PHILADELPHIA -- The Flyers have had few weaknesses during their remarkably consistent season, one that has them leading the NHL in wins, atop the Eastern Conference, and without back-to-back losses in nearly two months.
One of their few flaws: They have won just seven of 15 games (7-5-3) against Western Conference opponents, and they have their worst record (2-3-1) against teams from the Pacific Division.
On Tuesday, in Scottie Upshall's first game at the Wells Fargo Center since he was dealt to Phoenix nearly two years ago for Dan Carcillo and a second-round 2011 draft pick, the Flyers will be tested by one of the West's top teams, the streaking Coyotes.
Phoenix (32-19-9) has won seven straight, is 8-2 in its last 10 road games, and sits atop the Pacific with 73 points. The Coyotes are third in the West.
"Behind the New Jersey Devils, they're probably the hottest team in the league," coach Peter Laviolette said after Monday's practice in Voorhees, "so I think you have to respect the fact they're going to come in here and play a good hockey game. We have to make sure we're ready to do our work."
Phoenix has nine players with between 10 and 16 goals, with Upshall leading the way at 16. Ilya Bryzgalov (26-14-6), who has a 2.58 goals-against average and .918 save percentage, has been solid in the nets.
"They're playing well; they have a good coach and good goaltender, and they have a system they obviously believe in," Flyers goalie Brian Boucher said, "so it's going to be another tough test for us."
The Flyers (39-15-5) are expected to use Sergei Bobrovsky, the rookie who has impressive numbers -- a 23-9-3 record, a 2.44 GAA and a .919 save percentage.
Flyers winger Scott Hartnell said Western Conference teams have "different styles, for sure. The East is a lot tighter and (has) bigger guys, I think. In the West, it's a little bit more open. But we need to have a big effort coming off a big road trip here at home."
Carcillo, who scored the game-winner against the Rangers on Sunday, is looking forward to facing his former team.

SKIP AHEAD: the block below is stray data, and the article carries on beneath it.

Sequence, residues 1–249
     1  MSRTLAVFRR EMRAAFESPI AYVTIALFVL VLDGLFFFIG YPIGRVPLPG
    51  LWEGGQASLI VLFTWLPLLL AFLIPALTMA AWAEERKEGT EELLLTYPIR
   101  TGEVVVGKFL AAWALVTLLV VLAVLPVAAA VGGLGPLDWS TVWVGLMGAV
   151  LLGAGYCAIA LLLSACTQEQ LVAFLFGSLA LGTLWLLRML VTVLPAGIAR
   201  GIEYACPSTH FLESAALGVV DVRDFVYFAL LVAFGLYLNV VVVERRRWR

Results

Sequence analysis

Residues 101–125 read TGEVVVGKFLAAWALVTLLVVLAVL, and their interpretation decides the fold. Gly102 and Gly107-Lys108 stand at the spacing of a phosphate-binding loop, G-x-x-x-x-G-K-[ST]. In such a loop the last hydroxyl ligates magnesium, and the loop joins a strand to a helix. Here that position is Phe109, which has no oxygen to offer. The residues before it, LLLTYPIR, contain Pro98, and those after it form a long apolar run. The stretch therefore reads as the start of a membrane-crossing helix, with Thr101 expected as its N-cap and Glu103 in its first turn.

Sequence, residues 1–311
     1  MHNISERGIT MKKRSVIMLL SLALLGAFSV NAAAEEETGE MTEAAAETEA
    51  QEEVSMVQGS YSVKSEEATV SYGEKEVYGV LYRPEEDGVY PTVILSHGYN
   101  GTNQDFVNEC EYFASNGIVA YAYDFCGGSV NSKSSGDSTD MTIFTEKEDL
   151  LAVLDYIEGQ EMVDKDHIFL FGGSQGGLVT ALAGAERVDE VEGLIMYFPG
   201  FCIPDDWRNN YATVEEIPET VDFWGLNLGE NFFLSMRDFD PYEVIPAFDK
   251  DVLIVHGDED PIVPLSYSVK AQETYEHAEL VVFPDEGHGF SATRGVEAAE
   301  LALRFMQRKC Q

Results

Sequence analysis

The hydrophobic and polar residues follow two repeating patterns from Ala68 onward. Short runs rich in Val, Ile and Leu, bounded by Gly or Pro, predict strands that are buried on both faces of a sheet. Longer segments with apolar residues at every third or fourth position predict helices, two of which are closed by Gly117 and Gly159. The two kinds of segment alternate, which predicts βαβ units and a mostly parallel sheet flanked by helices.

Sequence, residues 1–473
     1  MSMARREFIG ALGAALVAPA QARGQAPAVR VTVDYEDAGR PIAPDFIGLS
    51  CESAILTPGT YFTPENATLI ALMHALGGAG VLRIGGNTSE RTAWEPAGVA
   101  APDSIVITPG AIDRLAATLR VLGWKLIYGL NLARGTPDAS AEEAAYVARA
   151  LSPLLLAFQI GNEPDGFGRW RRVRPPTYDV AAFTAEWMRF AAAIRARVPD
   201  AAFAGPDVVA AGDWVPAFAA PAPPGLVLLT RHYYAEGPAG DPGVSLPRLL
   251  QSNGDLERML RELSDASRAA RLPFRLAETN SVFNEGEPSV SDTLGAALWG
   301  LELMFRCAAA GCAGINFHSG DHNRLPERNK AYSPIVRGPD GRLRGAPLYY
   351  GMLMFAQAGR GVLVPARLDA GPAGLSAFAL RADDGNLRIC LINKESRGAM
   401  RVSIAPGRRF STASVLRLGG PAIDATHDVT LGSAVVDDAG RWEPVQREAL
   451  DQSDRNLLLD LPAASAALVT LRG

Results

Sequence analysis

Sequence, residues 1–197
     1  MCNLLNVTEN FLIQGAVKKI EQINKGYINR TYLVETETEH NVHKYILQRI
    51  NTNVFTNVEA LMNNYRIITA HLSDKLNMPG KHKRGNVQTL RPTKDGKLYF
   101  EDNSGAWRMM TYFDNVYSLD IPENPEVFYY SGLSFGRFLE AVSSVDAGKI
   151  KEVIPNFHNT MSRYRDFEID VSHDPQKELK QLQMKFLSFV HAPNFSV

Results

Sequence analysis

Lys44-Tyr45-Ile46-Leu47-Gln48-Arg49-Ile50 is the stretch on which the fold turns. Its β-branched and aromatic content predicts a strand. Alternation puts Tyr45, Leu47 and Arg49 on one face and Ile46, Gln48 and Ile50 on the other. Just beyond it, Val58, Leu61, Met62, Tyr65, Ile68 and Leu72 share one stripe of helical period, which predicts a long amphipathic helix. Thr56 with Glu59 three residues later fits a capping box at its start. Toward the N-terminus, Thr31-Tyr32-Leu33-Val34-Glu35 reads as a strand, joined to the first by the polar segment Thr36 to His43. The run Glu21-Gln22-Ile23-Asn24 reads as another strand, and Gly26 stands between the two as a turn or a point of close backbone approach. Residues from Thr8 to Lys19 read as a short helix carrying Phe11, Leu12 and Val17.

While acknowledging "there's probably only three or four guys that I really know on that team now," Carcillo said he will always have fondness for Phoenix.
"They gave me my start, and I'll always be grateful for that," he said. "Wayne (Gretzky, the former Coyotes coach) was a big part of it. He's not there now, but I'll always be grateful to him -- and to the organization because they gave me a chance to play. There's always something there."
Phoenix has allowed a total of 11 goals in its last seven wins.
"They've been this good for over a year now," recently acquired Flyers winger Kris Versteeg said. "It's no fluke. They play a team game. All four lines roll."
Versteeg will be playing his first home game since he was acquired from Toronto last week. He has played primarily on a line with Mike Richards and James van Riemsdyk.
Laviolette said Versteeg was going through a "learning curve" and getting adjusted to his new team, but that he was pleased with the winger's play.
"The more comfortable he gets, the more impact he'll have offensively," Laviolette said.
Laviolette figures to keep Hartnell on a line with the sizzling Jeff Carter (seven goals in last 10 games) and Claude Giroux. They combined for six points in Sunday's 4-2 win over the Rangers.
Hartnell, of course, has spent almost the entire season on the Flyers' most productive line, with Danny Briere and Ville Leino.
"Just trying to keep things fresh around here," Laviolette said of the switch, which has Andreas Nodl on Briere's unit.